It’s safe to say that Cyberpunk 2077 was once one of the most anticipated video games of all time. After all, it was a new RPG from CD Projekt Red, which already etched itself as one of the industry’s best developers after The Witcher series. Then Cyberpunk 2077 launched and the fallout was infamous, to say the least. Many players were put off by its bugs, performance issues and generally unpolished state. However, almost two years has passed and after plenty of patchwork and updates, is it worth playing today?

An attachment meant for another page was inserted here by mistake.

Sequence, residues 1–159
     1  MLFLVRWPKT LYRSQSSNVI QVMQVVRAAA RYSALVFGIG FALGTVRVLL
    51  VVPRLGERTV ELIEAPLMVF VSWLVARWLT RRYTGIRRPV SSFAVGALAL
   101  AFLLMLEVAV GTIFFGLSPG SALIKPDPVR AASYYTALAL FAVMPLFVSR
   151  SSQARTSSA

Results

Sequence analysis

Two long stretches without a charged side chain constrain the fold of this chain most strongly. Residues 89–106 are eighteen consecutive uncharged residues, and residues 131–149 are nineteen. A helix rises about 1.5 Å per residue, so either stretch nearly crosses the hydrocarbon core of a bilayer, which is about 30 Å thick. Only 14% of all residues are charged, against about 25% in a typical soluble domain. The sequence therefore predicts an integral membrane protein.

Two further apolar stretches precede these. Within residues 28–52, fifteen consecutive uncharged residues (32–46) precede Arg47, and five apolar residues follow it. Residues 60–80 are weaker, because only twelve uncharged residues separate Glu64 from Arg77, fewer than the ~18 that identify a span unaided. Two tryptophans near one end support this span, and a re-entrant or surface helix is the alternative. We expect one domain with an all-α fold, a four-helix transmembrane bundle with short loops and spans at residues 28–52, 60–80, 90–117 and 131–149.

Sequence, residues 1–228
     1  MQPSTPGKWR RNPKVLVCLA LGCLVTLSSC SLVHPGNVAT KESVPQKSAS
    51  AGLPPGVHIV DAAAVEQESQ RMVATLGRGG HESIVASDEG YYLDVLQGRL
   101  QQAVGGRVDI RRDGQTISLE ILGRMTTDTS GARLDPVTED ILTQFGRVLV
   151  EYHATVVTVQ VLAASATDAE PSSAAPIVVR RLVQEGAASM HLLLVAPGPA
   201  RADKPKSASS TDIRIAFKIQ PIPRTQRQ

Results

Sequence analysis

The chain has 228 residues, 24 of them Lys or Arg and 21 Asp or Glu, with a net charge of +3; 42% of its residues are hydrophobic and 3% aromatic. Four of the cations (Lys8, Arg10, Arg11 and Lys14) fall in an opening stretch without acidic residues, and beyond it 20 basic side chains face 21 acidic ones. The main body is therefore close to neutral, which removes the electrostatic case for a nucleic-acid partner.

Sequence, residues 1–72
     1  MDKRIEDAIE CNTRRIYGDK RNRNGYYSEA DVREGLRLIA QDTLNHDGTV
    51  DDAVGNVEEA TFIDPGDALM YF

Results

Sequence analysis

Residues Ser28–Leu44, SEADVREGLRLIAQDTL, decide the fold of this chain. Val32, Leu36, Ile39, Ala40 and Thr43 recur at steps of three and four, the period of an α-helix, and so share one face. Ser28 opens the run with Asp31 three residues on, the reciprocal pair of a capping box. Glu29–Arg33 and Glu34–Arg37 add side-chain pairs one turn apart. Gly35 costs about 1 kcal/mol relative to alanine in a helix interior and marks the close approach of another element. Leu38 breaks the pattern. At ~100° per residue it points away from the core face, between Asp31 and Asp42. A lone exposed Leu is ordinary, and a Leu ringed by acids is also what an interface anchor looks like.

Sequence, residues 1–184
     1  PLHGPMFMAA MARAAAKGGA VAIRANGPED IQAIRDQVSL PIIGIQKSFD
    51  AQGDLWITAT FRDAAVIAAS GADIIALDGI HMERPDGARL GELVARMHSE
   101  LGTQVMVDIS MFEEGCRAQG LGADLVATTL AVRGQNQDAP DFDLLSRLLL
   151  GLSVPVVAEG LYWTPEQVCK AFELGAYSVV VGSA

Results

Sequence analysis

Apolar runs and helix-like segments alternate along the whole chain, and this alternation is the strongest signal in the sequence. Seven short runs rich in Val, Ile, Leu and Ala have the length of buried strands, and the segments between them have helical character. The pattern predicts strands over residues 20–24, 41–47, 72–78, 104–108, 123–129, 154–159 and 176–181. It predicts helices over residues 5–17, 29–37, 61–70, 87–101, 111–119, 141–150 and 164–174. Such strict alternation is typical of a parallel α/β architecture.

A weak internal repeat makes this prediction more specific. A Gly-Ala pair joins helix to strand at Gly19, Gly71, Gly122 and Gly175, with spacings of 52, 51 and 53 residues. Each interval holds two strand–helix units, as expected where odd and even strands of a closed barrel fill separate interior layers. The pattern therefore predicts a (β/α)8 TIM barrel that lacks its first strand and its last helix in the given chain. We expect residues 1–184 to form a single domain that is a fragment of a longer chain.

In light of its one and only major expansion, Phantom Liberty, being announced, Cyberpunk 2077 has seen a bit of a resurgence in the gaming world lately. Perhaps it was time for players to dig back into the game and gain another opinion after the controversy. We decided to jump in and see just how far the game has come, where it still falters and what players can expect after two years.
MORE CYBERPUNK 2077 – Cyberpunk 2077 Night City Tour in 8K Looks Jaw-Dropping
The story of Cyberpunk 2077 remains largely unchanged. Players assume the role of V, a resident of Night City that gets caught up in a world of trouble and chaos after the “soul” of a deceased rebel rock star, Johnny Silverhand, is implanted in their mind. Keanu Reeves still brings a level of raw, unhinged attitude to the game’s plot which keeps the momentum going and players hooked. However, the writing still leaves a bit to be desired.